The Chairman’s dream drives this home as it depicts a garish, ever-growing parade filled with cultural icons, appliances, and toys—all boisterously chanting nonsense. The parade multiplies as he forcibly enters the subconscious of more and more people, drawing them in. Once inside his dream, these victims lose their self-control, exhibiting the loss of autonomy Baudry fears. Within the dreamscape, victims transform into the objects from the parade: electric guitars, cell phones, golden statues, and more. No longer able to distinguish themselves from the procession, they fall victim to the ideologies of the Chairman, losing autonomy over both their thoughts and their movements. The effect spills into reality where they begin to gleefully spout nonsense, unknowingly harm others, and jump off of buildings without hesitation. They lose touch with their actual surroundings as they are engulfed in the projected images of the dream. The Chairman’s power grows with each individual absorbed into his inane carnival, which is shown in his increased subconscious ability to move for himself.

Inside the dreamscape, he is not only freed from his wheelchair, but he also gains the ability to change his form and size, move inhumanly fast, and eventually wield the power to destroy an entire city at a sweep of his arm. The Chairman’s free range of motion, dependent on the increasing number of his victims, is reflective of the ideological control the filmmaker has over the audience. He or she maintains subliminal autonomy over spectators by taking control of the apparatus, precisely as Baudry theorized. The Chairman is not the only character to support Baudry’s theory, Paprika does as well.

Paprika, a key player in the projected dreams, is a remarkably unusual character. She is the redheaded, subconscious identity of psychiatrist, Atsuko Chiba. Paprika’s introduction sequence reveals her stunning array of movement not only in comparison to the other characters in the film, but to anyone with a mortal body. She can move through images, as seen in the opening credits as she jumps through a computer screen, billboard, and graphic T-shirt. She can also manipulate motion outside of herself, causing traffic to freeze at the snap of her fingers. She has the same control over her body and the bodies of others that the Chairman gains through the DC Mini, suggesting that her liberation of motion similarly positions her as the ideological filmmaker. However, unlike the Chairman, she does not actively create dreams. She admits that in the realm of reality, as Doctor Chiba, she has stopped having her own dreams.

An additional important difference between the Chairman and Paprika is that Paprika maintains her power of motion as she effortlessly travels between dreams, the internet, and reality whereas the Chairman’s power is initially limited to the dreamscape. Most significantly of all, Paprika does not need the DC Mini to maneuver between these realms of reality and illusion. While the explanation of her existence is as vague as the connection between the Chairman and his avatar, her unique abilities are stated to be a natural side effect of Doctor Chiba’s prolonged exposure to the DC Mini. In a startling moment during the opening credits, Paprika turns to the camera and poses for the audience, revealing her awareness of her true identity. She is film itself, and all of the possible ideologies within that realm. By acknowledging her part in Baudry’s apparatus, she is able to celebrate her conscious and have complete intellective influence over others.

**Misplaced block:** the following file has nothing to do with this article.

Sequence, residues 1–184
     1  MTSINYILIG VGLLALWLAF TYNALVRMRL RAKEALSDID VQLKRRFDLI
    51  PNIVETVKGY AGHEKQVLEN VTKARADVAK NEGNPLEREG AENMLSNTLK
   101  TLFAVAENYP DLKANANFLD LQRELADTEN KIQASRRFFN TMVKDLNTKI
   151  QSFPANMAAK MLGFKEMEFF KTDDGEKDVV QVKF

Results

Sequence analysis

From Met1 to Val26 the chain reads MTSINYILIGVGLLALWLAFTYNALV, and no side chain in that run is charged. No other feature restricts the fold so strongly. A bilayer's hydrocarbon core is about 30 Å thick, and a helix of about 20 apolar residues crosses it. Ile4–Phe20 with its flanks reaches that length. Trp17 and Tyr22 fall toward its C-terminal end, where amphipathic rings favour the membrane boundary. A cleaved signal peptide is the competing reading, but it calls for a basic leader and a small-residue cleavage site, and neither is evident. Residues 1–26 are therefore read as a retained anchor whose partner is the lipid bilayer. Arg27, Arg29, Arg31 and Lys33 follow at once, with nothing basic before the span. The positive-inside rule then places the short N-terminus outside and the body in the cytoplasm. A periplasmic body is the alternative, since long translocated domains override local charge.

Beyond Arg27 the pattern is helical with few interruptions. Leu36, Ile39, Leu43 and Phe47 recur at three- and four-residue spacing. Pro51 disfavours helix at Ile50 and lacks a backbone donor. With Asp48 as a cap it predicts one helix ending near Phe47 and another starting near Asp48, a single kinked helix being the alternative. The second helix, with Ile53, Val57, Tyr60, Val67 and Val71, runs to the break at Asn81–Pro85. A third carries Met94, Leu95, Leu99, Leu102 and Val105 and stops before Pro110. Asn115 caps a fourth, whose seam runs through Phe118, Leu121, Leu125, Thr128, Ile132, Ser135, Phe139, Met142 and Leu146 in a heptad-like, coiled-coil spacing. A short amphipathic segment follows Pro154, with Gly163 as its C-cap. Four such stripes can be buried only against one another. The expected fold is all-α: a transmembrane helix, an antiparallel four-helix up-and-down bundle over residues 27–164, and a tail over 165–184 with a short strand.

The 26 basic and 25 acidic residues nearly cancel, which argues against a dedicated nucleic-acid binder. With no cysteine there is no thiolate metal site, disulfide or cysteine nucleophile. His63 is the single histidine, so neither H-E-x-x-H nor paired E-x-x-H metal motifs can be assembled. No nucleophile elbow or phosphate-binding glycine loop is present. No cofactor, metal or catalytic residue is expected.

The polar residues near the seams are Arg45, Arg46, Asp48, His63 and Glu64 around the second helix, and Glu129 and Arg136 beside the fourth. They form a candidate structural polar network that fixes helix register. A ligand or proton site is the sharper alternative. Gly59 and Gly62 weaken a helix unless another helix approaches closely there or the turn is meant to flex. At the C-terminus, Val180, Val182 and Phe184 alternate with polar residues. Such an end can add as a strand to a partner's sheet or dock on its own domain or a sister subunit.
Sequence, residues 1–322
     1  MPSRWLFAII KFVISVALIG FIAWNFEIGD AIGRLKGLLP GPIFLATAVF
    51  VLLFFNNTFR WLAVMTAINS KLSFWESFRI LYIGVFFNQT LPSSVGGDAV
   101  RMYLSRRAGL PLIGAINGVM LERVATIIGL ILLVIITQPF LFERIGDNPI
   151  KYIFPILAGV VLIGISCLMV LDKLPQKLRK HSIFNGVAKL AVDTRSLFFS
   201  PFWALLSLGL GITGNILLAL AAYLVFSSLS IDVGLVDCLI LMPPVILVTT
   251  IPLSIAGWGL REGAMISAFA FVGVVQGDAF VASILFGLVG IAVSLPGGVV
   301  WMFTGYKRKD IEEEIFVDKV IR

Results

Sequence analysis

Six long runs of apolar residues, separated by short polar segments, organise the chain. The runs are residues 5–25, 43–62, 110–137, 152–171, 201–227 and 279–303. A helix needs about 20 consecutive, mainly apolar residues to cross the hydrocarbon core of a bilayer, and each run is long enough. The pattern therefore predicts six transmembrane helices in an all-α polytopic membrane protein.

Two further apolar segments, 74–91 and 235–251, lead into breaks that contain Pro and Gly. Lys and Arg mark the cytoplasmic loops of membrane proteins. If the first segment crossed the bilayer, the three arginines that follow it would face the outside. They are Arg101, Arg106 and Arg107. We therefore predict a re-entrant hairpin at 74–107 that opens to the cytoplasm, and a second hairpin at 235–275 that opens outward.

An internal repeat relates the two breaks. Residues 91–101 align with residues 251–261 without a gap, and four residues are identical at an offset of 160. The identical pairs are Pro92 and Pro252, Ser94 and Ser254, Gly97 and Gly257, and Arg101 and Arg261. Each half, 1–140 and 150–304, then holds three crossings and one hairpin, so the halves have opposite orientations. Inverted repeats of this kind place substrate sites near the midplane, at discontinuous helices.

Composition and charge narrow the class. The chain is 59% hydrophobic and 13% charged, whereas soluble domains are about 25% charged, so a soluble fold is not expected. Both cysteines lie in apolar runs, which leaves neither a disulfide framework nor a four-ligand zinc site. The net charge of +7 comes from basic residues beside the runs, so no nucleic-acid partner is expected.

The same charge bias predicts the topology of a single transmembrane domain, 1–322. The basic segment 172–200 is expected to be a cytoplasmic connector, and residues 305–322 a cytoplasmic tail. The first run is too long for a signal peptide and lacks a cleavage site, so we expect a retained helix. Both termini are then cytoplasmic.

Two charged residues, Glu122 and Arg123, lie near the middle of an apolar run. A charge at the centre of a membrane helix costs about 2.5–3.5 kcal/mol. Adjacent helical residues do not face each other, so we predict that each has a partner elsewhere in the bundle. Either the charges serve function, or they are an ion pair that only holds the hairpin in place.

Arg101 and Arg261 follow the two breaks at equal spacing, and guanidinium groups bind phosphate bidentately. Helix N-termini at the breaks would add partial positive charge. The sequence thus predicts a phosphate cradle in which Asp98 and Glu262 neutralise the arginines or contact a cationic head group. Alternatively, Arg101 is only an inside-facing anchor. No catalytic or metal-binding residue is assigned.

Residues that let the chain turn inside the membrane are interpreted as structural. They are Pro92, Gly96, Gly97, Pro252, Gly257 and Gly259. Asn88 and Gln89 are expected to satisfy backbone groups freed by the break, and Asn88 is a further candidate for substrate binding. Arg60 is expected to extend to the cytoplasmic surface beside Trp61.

Yet, even Paprika experiences certain physical limitations when she willingly chooses to plunge into the Chairman’s dream to stop him. The Chairman sees Paprika’s autonomy as a threat, and once he discovers she has entered his dream, he puts all of his focus towards killing her. Eventually, he successfully captures and immobilizes Paprika, putting her in a confinement she did not anticipate. From this, she entirely loses her ideological influence over others.

The Chairman’s fear of Paprika and his obsessive need to contain and eliminate her reflects a possible loophole in Baudry’s apparatus theory. As film, Paprika represents the potential ideologies the filmmaker cannot control. If audiences are able to break out of the spell and reclaim their sense of self, they can interpret a film in whatever way pleases them, even if it directly contradicts the intention of the filmmaker. While this initially reflects Baudry’s answer to reclaiming ideological autonomy, Detective Kogawa, the third character, contradicts the theory by using a means to achieve freedom of interpretation  different than acknowledging the apparatus.

Criminal Detective Kogawa represents an average film viewer through and through. He is Doctor Chiba’s patient because he struggles with anxiety from a recurring nightmare in which the unknown perpetrator of an unsolved crime barely eludes him in a chase down a long hallway. In this dreamscape, Kogawa feels the hallway warp in the middle of his desperate pursuit, buckling his knees and causing him to feel as if he is running through water. Every time he experiences this nightmare, his motion is limited and he fails to catch the perpetrator, or even glimpse his face. As a patient, Kogawa has no experience operating the DC Mini and, unlike the Chairman and Paprika, no ability to manipulate his dream. In fact, he relies entirely on Doctor Chiba (who appears to him as Paprika) to interpret his dream in their psychoanalytical sessions together. He seems to be Baudry’s theoretically perfect, ideologically dependent, incapacitated movie viewer.